NSCI 580A4

Instructors
Tai Montgomery
Erin Nishimura

wiki:exercises2

# FURTHER EXERCISES 160830

### Exercise 1

• Let's work with the .gff file that is in your directory, S288C_reference_genome_R64-1-1_20110203/03_annotations. It is called saccharomyces_cerevisiae_R64-1-1_20110208.gff
• Use head and tail to look at the .gff file saccharomyces_cerevisiae_R64-1-1_20110208.gff.
• Use redirection to save the first 100 lines of saccharomyces_cerevisiae_R64-1-1_20110208.gff as a file called sacCer3_first100.gff.
• Use redirection to save the last 100 lines as sacCer3_last100.gff.

### Exercise 2

• Start within a directory that contains the sub-directory 02_fastafiles. Redirect the output from ls 02_fastafiles/ to a file.
• Redirect the stderr message from ls doesnotexist to a file.
• Redirect the stdout and stderr messages from the command ls 02_fastafiles/ doesnotexist to a file.

### Exercise 3

• Let's work with the .gff file that is in your directory, S288C_reference_genome_R64-1-1_20110203/03_annotations. It is called saccharomyces_cerevisiae_R64-1-1_20110208.gff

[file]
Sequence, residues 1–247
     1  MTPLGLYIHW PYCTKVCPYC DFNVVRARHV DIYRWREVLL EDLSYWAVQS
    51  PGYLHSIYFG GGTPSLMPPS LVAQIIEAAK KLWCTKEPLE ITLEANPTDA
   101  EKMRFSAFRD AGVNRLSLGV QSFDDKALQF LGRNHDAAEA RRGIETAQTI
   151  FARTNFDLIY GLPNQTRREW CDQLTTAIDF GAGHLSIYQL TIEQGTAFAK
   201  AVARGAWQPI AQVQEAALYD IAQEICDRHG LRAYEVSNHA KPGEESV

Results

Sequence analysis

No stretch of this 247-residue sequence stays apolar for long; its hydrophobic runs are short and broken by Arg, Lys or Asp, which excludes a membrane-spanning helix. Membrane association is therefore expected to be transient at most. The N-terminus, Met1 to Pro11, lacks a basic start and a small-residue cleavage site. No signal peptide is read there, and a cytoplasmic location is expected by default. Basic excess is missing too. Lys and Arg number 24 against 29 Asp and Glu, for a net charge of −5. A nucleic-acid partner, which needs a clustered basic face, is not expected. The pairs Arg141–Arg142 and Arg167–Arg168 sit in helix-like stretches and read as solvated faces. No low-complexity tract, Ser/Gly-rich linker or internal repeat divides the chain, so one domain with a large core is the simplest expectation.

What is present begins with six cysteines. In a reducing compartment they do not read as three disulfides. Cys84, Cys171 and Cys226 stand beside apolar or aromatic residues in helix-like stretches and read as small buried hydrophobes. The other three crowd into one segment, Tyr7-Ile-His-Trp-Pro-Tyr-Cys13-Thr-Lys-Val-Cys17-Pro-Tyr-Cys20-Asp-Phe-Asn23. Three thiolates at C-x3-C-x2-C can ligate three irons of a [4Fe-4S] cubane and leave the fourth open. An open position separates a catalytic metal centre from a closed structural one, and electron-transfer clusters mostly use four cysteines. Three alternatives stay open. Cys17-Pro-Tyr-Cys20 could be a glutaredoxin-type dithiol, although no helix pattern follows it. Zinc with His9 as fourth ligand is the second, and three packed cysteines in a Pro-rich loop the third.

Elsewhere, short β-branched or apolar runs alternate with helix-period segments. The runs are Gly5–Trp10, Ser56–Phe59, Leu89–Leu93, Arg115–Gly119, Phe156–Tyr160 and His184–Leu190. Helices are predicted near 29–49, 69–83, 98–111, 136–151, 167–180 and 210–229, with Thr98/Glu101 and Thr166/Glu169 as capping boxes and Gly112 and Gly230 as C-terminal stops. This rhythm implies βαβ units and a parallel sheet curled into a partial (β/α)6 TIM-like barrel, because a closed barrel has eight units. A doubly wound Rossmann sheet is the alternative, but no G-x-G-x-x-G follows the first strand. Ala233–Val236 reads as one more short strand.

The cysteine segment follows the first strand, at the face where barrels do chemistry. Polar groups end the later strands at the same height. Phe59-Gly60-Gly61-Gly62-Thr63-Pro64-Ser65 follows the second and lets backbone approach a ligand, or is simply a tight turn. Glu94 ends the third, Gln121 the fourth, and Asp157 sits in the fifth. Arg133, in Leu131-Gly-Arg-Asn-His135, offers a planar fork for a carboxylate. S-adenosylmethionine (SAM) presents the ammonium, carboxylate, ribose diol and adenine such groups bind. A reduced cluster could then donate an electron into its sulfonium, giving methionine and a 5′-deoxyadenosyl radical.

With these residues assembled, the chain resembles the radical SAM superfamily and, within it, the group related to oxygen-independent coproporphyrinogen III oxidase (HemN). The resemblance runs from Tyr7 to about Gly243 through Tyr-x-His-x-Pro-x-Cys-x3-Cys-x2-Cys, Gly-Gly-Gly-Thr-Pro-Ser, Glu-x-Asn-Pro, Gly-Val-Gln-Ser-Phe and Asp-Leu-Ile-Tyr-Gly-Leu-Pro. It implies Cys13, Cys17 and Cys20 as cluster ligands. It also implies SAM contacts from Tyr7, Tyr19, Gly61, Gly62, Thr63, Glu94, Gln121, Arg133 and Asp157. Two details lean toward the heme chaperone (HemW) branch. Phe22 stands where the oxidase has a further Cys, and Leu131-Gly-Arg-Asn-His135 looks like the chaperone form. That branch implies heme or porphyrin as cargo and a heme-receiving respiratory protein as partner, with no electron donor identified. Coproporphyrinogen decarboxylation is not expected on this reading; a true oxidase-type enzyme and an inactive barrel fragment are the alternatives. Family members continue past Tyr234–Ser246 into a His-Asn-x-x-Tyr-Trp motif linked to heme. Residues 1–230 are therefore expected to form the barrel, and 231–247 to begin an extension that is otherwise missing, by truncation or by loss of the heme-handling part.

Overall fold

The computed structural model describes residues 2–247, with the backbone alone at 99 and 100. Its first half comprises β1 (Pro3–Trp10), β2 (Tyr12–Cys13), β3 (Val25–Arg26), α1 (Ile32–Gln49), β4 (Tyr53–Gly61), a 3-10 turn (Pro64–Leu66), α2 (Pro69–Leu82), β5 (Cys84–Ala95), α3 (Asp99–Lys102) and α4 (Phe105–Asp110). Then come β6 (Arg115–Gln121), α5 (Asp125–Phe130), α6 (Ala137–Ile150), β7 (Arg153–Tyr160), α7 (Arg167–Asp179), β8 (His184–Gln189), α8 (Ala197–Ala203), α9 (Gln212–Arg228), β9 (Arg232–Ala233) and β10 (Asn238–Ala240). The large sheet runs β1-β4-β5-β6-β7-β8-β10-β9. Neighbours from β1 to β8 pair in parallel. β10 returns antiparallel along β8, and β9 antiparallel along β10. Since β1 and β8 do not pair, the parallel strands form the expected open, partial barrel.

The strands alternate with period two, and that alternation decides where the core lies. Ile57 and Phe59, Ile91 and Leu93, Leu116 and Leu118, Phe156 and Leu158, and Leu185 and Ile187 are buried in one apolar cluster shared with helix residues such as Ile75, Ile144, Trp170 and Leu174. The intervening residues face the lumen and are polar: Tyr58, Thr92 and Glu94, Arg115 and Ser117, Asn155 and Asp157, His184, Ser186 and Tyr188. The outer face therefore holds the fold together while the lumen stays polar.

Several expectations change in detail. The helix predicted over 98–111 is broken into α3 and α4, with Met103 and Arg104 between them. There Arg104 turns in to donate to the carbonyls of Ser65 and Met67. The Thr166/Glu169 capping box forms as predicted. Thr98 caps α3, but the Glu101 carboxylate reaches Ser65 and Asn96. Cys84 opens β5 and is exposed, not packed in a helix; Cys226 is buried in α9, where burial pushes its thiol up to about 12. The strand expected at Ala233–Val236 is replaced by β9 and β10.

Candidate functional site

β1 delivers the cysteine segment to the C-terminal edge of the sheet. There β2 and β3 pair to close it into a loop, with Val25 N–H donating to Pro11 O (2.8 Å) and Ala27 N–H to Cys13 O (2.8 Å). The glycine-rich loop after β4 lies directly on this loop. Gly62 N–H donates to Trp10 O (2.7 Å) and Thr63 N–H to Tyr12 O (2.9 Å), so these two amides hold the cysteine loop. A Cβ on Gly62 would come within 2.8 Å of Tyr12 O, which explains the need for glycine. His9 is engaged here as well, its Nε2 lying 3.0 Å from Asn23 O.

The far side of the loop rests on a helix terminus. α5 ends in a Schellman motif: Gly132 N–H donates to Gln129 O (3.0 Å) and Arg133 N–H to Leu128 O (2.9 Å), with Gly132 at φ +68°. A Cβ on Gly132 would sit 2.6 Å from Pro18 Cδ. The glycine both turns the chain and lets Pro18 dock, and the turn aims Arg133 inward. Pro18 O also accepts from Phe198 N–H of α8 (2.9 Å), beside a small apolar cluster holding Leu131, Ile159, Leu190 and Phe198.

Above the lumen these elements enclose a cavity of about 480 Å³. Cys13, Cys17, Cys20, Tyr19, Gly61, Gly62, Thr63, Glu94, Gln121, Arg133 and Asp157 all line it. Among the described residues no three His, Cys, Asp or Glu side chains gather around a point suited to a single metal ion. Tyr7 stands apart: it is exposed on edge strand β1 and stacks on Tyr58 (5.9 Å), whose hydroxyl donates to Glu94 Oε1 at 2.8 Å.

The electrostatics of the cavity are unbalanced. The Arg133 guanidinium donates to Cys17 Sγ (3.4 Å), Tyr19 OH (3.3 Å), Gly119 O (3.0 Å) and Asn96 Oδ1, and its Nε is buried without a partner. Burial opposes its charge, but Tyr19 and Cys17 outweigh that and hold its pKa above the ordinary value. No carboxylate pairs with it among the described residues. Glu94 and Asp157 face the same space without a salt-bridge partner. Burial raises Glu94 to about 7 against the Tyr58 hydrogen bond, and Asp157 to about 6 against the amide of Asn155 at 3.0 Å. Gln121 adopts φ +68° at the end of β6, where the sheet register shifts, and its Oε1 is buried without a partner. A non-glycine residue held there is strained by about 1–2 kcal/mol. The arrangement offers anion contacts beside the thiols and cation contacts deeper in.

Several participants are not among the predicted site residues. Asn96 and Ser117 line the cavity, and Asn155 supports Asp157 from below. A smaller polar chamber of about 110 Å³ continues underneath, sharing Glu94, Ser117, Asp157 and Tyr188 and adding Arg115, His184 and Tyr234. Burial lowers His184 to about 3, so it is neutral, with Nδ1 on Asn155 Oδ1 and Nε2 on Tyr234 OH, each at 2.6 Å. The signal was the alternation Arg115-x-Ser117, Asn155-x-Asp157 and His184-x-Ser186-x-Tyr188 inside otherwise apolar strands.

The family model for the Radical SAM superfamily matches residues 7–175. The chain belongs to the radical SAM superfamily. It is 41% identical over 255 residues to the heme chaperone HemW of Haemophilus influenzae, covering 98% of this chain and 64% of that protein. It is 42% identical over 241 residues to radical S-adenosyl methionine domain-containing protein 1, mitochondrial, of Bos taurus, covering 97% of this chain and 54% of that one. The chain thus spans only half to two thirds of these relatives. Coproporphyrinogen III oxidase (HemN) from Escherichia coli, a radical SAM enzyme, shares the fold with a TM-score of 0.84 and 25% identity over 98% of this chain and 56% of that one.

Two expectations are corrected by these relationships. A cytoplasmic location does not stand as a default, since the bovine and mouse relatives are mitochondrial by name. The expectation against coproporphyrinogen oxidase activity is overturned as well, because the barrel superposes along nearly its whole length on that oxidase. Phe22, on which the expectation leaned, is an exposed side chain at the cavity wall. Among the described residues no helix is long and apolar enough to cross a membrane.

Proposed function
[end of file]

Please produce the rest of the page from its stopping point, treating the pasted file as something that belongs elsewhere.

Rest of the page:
• Use grep to find all the lines that contain a #.
• Next, use 'grep' for the same operation, but this time display the line number as well.
• Make a file out of saccharomyces_cerevisiae_R64-1-1_20110208.gff that contains ONLY the annotation material. The annotation material is any line that starts with # or ## or ###.
• Make a file that contains NO annotation material.

### Exercise 4

• Use wc to save a file containing word count information for one file.
• Try to use cut to parse the word count information (in your saved file) into lines, words, and characters. It doesn't work.
• Open the file in your text editor. Can you figure out why you couldn't parse columns using cut?